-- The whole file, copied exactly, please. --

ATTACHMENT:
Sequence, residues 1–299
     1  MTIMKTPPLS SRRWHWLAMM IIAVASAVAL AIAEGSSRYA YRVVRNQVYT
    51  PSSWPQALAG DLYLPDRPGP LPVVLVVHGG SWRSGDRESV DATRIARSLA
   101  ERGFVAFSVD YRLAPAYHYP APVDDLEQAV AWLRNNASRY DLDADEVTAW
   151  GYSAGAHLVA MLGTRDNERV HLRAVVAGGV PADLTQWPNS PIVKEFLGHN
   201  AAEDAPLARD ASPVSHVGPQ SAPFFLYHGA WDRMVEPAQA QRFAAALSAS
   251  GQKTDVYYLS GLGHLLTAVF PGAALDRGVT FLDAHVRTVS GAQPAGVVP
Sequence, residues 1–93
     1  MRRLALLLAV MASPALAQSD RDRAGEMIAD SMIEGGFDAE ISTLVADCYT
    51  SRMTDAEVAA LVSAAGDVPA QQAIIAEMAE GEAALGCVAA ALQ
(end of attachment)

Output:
Sequence, residues 1–299
     1  MTIMKTPPLS SRRWHWLAMM IIAVASAVAL AIAEGSSRYA YRVVRNQVYT
    51  PSSWPQALAG DLYLPDRPGP LPVVLVVHGG SWRSGDRESV DATRIARSLA
   101  ERGFVAFSVD YRLAPAYHYP APVDDLEQAV AWLRNNASRY DLDADEVTAW
   151  GYSAGAHLVA MLGTRDNERV HLRAVVAGGV PADLTQWPNS PIVKEFLGHN
   201  AAEDAPLARD ASPVSHVGPQ SAPFFLYHGA WDRMVEPAQA QRFAAALSAS
   251  GQKTDVYYLS GLGHLLTAVF PGAALDRGVT FLDAHVRTVS GAQPAGVVP
Sequence, residues 1–93
     1  MRRLALLLAV MASPALAQSD RDRAGEMIAD SMIEGGFDAE ISTLVADCYT
    51  SRMTDAEVAA LVSAAGDVPA QQAIIAEMAE GEAALGCVAA ALQ